National Learn to Ski and Snowboard Month: Why Lessons Are the Best Bet for Teaching Your Child to Love the Sport
Teaching my five-year-old son to ski has been arguably the most difficult challenge in my close to 40 years in the sport.
Don't get me wrong, teacher and pupil are both enthusiastic and open to the process. The problem is, without any formal training in ski instruction, my approach has largely been one of "just do what I do." Jackson is a compliant kid by nature and an exceedingly good sport, but my lack of instructional know-how has too often led to struggles and frustration for both of us.
That all changed last weekend at Smugglers' Notch Resort, thanks to Ski Vermont's Take 3 Beginner Package and Jackson's first bonafide ski lesson. Offered at a special discounted rate thanks to the Vermont Governor's Council on Physical Fitness and Sports and National Learn to Ski and Snowboard Month, the package consists of three lessons, three equipment rentals and three lift tickets for $49 - an absolute steal. (Even outside the parameters of the Council deal and LSSM, the package is still available at a bargain price of $129.)
Meeting up with the lesson class at Sir Henry's Learning & Fun Park, I have to admit I was a bit skeptical when I saw the makeup of the Level I class: six raw beginners, all under the age of 10, and a single instructor. I had struggled mightily in teaching one kid how to ski; how was this person going to be successful with a half-dozen?
Ella Bergin, the instructor, was a total pro. The kids spent much of the first 15 minutes of the lesson standing in a circle, playing games to get them accustomed to moving their skis and bodies. "Bowties" in the snow helped with ease of pivot; "smoothies" taught forward and lateral tilt. I watched in amazement, and a light bulb went off: It had never occured to me to ease Jackson into the very feeling of being on skis. We had just stepped into our bindings and went straight into gliding and turning.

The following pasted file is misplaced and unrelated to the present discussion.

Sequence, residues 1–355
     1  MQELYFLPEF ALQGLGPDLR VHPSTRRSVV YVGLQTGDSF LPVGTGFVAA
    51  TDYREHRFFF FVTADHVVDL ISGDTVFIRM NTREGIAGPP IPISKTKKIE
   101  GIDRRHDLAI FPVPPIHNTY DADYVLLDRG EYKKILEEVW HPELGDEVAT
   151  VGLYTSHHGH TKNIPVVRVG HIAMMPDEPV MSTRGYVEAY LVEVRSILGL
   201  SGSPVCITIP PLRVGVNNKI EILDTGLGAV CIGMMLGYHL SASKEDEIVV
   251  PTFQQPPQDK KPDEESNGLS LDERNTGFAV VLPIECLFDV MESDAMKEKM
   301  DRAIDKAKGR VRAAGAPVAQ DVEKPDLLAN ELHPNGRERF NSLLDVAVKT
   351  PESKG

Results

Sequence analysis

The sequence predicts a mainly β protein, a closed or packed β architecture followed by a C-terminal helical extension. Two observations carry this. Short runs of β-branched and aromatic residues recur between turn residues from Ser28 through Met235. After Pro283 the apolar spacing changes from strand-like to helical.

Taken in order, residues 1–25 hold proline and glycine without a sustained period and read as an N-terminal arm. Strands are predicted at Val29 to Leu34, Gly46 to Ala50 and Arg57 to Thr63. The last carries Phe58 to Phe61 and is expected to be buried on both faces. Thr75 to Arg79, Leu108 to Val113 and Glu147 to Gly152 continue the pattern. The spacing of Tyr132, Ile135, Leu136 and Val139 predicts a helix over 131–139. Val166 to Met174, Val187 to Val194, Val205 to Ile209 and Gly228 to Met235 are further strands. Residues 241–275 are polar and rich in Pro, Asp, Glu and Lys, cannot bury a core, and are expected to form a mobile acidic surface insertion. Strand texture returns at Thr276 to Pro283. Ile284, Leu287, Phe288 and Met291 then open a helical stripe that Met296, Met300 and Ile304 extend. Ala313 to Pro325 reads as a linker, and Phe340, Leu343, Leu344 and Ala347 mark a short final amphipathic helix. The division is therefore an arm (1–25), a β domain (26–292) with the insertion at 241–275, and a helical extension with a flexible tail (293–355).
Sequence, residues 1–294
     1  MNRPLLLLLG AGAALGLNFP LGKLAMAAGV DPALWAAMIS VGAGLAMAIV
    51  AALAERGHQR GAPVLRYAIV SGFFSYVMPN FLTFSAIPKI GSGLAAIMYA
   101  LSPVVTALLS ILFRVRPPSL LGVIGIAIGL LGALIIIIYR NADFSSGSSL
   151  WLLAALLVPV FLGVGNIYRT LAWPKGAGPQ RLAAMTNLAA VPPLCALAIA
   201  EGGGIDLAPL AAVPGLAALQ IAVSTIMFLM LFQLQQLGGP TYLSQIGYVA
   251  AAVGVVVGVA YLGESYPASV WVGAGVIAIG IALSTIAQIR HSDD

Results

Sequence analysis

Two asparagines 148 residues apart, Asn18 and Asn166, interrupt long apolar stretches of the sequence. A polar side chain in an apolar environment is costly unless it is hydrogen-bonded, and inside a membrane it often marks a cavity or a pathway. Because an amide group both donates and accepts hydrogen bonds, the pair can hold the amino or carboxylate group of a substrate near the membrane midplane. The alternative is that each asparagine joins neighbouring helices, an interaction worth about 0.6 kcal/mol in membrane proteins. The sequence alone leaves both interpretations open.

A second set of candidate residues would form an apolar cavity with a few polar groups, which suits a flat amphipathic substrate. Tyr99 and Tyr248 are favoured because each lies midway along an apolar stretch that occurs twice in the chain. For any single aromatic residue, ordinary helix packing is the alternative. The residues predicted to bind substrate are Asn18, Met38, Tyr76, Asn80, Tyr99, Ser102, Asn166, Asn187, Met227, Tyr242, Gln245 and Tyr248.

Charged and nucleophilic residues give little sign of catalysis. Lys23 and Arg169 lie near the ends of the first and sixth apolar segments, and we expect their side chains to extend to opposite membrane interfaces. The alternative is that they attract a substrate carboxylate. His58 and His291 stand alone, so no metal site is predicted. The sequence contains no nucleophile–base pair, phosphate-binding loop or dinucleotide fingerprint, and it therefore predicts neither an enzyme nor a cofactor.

Another big benefit of a group lesson from a professional versus a parent is how a child responds. Getting barked at by Dad while trying to learn a challenging new activity brings an added level of pressure, and it's difficult for a parent - who has had his or her own experience and success skiing - to temper expectations and not take it personally when things don't go smoothly. It's not a reflection on you, as a skier or parent - it's about lack of training as an instructor.
Kids also tend to do better among peers than when they're the sole focus of a teacher's attention. They can follow the example of those around them and see that's it's normal - and perfectly alright - to struggle.
That was another area in which Ella was amazing. She gave the kids nothing but positive feedback, even when things went south. "Good fall," were words I never thought to tell my son, but they made getting up that much easier for him.
By the time the two-hour lesson ended, Jackson was exhausted - and quite proud of himself. He couldn't wait to tell his Mom how well he did in his first "real" lesson, and he is looking forward with renewed excitement to the start of his school's upcoming ski program at Cochran's Ski Area. We've got two more Take 3 Beginner Package lessons before then, however - and at this rate it's going to be a race to see who learns more, him or me.
National Learn to Ski and Snowboard Month
January is National Learn to Ski and Snowboard Month. In the spirit of spreading the love of winter to new enthusiasts, the majority of Ski Vermont's member resorts will be offering $49 beginner lesson during the month of January, excluding Holiday periods. The beginner package includes equipment rental as well as a lesson with a professional instructor (lesson duration varies by resort) and access to the beginner terrain. Due to the deeply discounted price, only one beginner package per person is offered.
These packages are for BEGINNERS ONLY and for the 2018/2019 season. See participating resorts with details and instructions for reserving your lesson below. Most reservations must be made 48 hours in advance of the desired lesson start time.